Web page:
In this article we will learn how to use Leaflet to show the indoor maps of our smart building. We will take a common basemap and then we will overlay our indoor spaces getting the data stored previously in Osiris. We assume a basic knowledge of Leaflet however, the contents of this blog post are easy to understand. Another component we will need is JQuery, which will be used for makng AJAX requests to our Osiris server.
The steps we are going to follow are:
1- Upload a map to our server
2- Display a basemap using Leaflet
3- Write an AJAX function with JQuery to make petitions to our server
4- Process the information received and use some Leaflet classes to draw polygons and polylines.
Uploading the map
Here the same map and procedure described in the documentation will be used. It is supposed the Osiris installation and running correctly. Otherwise, follow this instructions.
Get the example map from the sample maps repository and use the import command to upload it. Remember that the first parameter is your api_key (“Aachen” in this case) and it will be used for the API calls.
If everything is right you should be able to make API calls as explained in the previous article.
Displaying a basemap in Leaflet
Now we are starting to code the client application. Before adding a map, some configuration variables must be explained:
- api_key: as said before, is the identifier of our indoor map within Osiris
- place: the geographical coordinates where our Leaflet map will be centered
- levels: the set of different levels of our building. It will be explained in detail later.
In our application a black and white version of OpenStreetMap will be included, just for making clear what is being drawn over the basemap. However, it is possible to choose many other options. You can have a look to this Leaflet providers page and paste the code of your preferred map provider. As you can see, most of the listed maps allow a maximum zoom value of 18 or 19. This is a little problem because for indoor maps we need a higher zoom. To override this, Leaflet defines a property called “maxNativeZoom” which determines the maximum zoom of the tiles available from the map provider. In our example we have maxNativeZoom = 18 (limited by the provider) and maxZoom = 22 (maximum zoom in our application defined by us). When the current zoom value is higher than the maxNativeZoom, the tiles of the basemap are auto-scaled.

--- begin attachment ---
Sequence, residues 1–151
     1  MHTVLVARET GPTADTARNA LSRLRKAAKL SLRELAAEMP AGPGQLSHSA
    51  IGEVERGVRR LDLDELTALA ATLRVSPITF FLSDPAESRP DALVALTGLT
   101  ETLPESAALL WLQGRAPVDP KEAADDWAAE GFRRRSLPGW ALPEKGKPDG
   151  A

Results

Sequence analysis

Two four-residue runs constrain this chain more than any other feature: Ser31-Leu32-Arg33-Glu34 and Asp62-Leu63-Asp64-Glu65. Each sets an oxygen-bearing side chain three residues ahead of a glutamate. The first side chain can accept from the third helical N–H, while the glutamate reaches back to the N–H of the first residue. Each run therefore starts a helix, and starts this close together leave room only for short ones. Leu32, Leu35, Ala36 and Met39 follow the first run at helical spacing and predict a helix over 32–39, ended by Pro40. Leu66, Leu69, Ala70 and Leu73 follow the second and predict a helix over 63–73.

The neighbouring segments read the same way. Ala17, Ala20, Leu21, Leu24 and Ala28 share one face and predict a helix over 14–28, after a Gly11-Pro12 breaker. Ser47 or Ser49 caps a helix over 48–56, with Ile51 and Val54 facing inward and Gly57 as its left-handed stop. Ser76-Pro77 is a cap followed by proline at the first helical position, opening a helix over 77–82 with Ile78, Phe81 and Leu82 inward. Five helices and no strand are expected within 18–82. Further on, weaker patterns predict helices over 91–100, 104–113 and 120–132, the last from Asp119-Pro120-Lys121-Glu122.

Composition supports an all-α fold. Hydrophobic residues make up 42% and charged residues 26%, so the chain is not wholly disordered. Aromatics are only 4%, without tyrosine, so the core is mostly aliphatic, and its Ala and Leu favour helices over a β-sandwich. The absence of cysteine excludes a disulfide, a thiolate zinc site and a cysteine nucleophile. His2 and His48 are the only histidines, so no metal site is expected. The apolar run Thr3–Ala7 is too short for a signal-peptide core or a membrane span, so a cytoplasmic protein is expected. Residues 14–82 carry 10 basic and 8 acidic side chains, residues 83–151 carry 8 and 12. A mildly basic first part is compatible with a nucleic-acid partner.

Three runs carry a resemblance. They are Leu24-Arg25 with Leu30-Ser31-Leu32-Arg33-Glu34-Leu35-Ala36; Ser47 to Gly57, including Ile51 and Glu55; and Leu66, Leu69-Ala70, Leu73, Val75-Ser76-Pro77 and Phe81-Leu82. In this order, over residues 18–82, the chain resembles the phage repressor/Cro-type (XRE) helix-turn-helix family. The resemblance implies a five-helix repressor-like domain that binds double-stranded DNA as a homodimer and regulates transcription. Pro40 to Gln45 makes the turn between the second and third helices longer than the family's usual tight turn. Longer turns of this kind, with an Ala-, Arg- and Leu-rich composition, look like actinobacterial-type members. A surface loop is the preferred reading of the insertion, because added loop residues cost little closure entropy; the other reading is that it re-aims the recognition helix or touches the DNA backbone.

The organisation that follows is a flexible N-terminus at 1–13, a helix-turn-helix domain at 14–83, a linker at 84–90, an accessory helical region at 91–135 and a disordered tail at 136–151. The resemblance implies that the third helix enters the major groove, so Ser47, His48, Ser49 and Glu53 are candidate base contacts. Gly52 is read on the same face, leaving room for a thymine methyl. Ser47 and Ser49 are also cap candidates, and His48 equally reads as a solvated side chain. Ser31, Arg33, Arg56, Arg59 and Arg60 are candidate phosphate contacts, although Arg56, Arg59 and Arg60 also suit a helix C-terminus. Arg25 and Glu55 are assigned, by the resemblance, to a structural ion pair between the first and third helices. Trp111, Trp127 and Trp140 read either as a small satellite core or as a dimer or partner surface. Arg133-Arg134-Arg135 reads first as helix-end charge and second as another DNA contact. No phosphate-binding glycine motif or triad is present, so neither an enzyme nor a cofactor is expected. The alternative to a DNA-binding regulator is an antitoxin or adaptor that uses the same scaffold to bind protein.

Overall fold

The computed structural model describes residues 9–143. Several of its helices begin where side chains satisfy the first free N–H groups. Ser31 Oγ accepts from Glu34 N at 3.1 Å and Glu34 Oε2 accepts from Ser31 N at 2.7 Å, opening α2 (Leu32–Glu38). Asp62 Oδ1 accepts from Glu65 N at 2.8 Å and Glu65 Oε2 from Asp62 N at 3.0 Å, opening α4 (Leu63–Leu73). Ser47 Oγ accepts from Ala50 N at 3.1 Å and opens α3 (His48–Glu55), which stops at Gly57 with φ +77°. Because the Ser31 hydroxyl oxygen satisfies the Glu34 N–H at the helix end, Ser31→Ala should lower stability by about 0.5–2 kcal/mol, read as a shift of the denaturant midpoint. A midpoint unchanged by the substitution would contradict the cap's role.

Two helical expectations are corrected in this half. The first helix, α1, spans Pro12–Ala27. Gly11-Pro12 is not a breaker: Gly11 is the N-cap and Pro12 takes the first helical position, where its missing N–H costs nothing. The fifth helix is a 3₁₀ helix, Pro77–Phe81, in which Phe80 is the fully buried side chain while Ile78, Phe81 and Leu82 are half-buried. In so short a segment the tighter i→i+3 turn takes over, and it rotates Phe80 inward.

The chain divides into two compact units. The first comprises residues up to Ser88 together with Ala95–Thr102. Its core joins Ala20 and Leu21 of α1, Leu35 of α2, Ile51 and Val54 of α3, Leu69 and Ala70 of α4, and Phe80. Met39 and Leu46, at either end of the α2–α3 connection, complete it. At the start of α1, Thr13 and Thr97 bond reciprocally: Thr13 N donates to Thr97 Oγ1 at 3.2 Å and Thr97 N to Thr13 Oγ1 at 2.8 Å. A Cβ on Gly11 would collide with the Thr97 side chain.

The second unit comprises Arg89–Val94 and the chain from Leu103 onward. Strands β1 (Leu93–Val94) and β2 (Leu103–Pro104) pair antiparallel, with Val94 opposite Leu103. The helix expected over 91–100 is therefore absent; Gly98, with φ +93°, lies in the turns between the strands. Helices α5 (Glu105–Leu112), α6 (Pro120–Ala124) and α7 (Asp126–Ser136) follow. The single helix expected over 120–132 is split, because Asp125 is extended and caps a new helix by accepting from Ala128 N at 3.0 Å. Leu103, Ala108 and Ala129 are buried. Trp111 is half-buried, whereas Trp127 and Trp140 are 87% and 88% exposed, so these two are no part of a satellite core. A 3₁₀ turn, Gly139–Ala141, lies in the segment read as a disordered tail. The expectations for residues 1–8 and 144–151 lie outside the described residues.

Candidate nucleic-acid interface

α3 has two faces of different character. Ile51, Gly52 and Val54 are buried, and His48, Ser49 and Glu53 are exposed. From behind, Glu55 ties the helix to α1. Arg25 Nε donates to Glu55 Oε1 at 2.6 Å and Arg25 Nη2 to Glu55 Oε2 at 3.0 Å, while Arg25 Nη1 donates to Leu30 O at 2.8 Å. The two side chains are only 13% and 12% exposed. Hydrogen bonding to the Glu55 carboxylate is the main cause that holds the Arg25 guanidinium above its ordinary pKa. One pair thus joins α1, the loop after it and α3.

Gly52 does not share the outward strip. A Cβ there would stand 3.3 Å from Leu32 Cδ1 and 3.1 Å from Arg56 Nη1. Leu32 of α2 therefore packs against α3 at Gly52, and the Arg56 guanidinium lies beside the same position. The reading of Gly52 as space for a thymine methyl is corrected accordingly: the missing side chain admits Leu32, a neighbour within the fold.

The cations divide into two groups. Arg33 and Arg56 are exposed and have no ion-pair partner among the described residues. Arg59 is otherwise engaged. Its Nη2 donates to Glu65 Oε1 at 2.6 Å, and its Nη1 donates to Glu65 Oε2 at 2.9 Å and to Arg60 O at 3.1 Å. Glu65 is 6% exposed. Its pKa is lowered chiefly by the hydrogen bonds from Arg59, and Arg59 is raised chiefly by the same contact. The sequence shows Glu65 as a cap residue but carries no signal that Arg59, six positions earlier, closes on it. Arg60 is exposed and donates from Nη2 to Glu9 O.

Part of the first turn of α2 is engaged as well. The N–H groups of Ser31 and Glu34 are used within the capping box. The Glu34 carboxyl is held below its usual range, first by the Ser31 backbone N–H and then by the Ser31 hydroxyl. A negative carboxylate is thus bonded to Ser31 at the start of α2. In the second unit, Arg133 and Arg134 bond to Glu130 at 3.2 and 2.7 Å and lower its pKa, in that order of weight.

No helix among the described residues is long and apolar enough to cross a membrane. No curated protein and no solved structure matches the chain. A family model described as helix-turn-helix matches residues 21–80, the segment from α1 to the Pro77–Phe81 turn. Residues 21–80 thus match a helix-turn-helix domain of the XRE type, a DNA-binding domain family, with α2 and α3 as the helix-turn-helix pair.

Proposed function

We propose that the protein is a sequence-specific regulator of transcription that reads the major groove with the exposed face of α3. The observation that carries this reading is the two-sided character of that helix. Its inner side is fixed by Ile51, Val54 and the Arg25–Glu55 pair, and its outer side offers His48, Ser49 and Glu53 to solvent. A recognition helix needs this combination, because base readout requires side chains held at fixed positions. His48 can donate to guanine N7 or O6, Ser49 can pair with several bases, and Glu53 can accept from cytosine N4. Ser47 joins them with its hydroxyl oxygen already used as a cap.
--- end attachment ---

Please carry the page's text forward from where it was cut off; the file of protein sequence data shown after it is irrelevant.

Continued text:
Writing and AJAX function for our API Calls
The Osiris’s method we are interesting in is “search”. For using it, we have to include a query in the body and specify that it is a POST petition. So, we have to use JQuery’s $.ajax function but we will wrap it in our own function in order to reuse it with different queries:
Now we can use “queryMap” to retrieve our building’s data. The third parameter is a callback method that will process the received response data.
In our example, our building will be drawn in two steps:
- First, we will obtain the level outlines as a base shape for all the other spaces in the same floor.
- Second, the data of all the remaining spaces that are of our interest will be get.
Obtaining the level outlines
Following our mapping procedure, levels are tagged as indoor:’level’. Using our function, the query can be written as follows:
The response is a JSON string that is passed as a parameter to createLevels. This function creates the levels of the building in Leaflet. Each level is used to generate a LayerGroup. Secondly, the same level is assigned as a Polygon layer to the LayerGroup in order to be sure that it will be at the bottom of the group at the time of drawing all the shapes of the same floor.
There is one more thing: we cannot be sure about the order of the results. This means that our code could generate the second level before the first and so on. To fix this issue a function called orderLevels that reorders our groups by their keys is available. As a result a new object is created (“levelGroups”) which is an ordered copy of “levels” with a more friendly key that will be used in the LayerControl to display each floor name. The last two sentences in this function are used to add the default LayerGroup (the one to be shown after loading the page) to the Leaflet map object and to add the layers control at the top right of the map.
Getting the remaining indoor spaces
Our second query to Osiris will be this one:
The query fetches all the items containing the “indoor” tag but excluding those assigned with ‘level’ as value (the ones we already have). The callback function iterates through the results calling createGeometry which is the responsible of drawing all the polygons or polylines needed, including different colors depending on the space type. When the geometry is created, it is added to its LevelGroup.
As you can see in createGeometry, depending on the type of the space, a polygon or a polyline is generated with different options in terms of style. Moreover, a Popup is associated to each space to give some information about its usage.
And that’s all. We have explained a basic usage of our indoor data for displaying maps. Now you can experiment changing styles, adding markers, making custom controls, including more objects from the indoor data such as doors, etc. You can get the full source of this article in the Osiris’s leaflet example repository.